Summer Pests And Your Dog: What to Watch Out For Outside

We all love the warmer weather with our dogs—more walks, hikes, and lake time!  

But unfortunately, the summer pests also love the warmer weather. Bugs can pose a threat to your furry friend, and it’s important to know what to watch out for and how to keep your dog safe this summer.

Read on to find out the top pests to watch out for and how to protect your dog.


Fleas are one of the most common problematic summertime pests. If you’ve never experienced them you are lucky.

There is an idea that fleas only occur in unclean situations, but unfortunately avoiding them can be difficult. They can be found in most areas that are popular with pets, such as parks, hiking trails, or even most neighborhoods and apartment complexes. 

Fleas not only bite and irritate your pet’s skin—they multiply quickly and can become an infestation. They can also lead to even bigger problems, like anemia and  tapeworms. 

Even with flea treatments, powders, shampoos, and collars, it can be difficult to completely avoid them. The best prevention is to make sure you check your pet’s fur regularly. Look for itching and “flea dirt”, which are small black spots found in their fur, on bedding, or anywhere your pet spends a lot of time.

If you find evidence of fleas, wash your pet with treated shampoo. Make sure to also wash all bedding and toys. If the infestation is bad there are also treatments for your home and oral supplements your vet can provide to instantly kill the pests.


Most flea treatments also help prevent ticks. If you spend any time outdoors ticks can be pretty prevalent. Ticks are usually found in areas near water or tall grass, but depending on your climate they may be found in local parks as well. 

If you need to remove ticks, make sure to remove the entire bug with tweezers. Often, the tick will bury their head in when you try to pull them out. Improperly removed ticks can lead to infections or even Lyme disease. There are a fair amount of homeopathic and household tricks that you can use to help get the bug to let go, such as peroxide or essential oils.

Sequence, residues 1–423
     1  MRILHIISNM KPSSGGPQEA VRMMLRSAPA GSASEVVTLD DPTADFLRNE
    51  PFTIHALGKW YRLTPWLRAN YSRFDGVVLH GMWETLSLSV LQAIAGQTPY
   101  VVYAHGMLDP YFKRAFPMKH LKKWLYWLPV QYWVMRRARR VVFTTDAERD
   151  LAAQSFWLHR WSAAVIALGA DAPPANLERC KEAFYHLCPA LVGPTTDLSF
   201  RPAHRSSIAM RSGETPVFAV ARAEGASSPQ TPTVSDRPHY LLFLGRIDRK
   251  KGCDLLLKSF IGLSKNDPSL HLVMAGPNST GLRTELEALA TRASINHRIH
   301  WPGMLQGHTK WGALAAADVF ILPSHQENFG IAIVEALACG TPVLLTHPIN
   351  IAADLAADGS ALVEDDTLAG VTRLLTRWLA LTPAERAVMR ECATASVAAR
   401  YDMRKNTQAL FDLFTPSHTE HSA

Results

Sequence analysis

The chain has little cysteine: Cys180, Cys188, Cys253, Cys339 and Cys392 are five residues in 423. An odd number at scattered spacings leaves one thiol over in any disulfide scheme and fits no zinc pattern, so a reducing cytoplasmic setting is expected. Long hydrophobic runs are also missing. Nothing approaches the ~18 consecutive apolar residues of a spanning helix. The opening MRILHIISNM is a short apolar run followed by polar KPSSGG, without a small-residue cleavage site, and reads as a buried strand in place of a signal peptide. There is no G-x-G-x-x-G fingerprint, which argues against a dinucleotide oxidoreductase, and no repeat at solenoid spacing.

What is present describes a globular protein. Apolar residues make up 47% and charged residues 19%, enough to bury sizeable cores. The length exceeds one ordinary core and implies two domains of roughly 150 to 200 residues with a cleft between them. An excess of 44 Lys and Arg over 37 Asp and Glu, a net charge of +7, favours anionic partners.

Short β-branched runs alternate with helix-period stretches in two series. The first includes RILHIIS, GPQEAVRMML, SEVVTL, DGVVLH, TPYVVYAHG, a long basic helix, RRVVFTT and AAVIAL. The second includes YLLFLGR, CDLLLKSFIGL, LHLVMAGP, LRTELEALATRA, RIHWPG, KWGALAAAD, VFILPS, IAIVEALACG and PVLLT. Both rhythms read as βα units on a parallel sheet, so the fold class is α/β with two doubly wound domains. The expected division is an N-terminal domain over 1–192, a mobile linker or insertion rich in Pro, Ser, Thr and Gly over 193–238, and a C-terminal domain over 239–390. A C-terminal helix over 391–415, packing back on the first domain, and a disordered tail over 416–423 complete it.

Everyone hates mosquitos during the summer! Unfortunately there aren’t many safe repellents for your dog. Mosquitos aren’t typically as drawn to dogs as they are to humans, but that doesn’t mean that dogs are immune. 

It’s best to avoid infested areas completely with your pet. If they do get bit, they’ll likely deal with some itching and pain. Luckily they won’t get many of the diseases humans can contract such as Zika virus or West Nile.

If your dog does get bites, a soothing bath can help. If the itching is too bad, they can also have a small dose of antihistamines, like Benadryl, with their vet’s approval. 


Most ants are relatively harmless and don’t bite. Fire ants however, aren’t as kind. If you live in a region where there are fire ants, be wary and treat areas early.

Your pet may stumble over ant hills or, even worse, ingest some of the ants if there is something interesting they are investigating. 

Most ant bites can be treated with soothing baths and antihistamines. If your pet begins to swell or have trouble breathing they could be allergic and may need emergency care. 

Bees/ Wasps

Fortunately, most breeds of dogs leave bees and wasps alone and vice versa. Some eager dog breeds, however, like to chase flying bugs around.

If your dog does happen to get stung, most of the time it’s not a serious issue. Just make sure you pull the stinger all the way out and keep the area clean. 

You will need to watch for signs of an allergic reaction, which should come on immediately. If your pet has swelling that doesn’t go down within a day or doubles in size, call your vet. You may have left part of the stinger in there, or the bite could be infected. 


Spiders pose a common problem for pets. Dogs will often eat them, which typically isn’t harmful. However, your dog can get bit byg a spider as well.

Treat spider bites on your pet similarly to the way you would on yourself. Pay attention to the bite and check it frequently. 

If you notice any major swelling or color change, take your pet to your vet. If you are able to, save the spider in a bag or jar so you can make sure it isn’t poisonous.

When In Doubt Always Call An Expert

Most summer bugs create minor issues for your pets instead of severe harm. But it’s always important to monitor your dog after any unusual bug encounter. 

If you aren’t sure what bit your dog, then keep an even closer eye out. When in doubt, call your vet and get in for an evaluation. It’s better to be safe than sorry.

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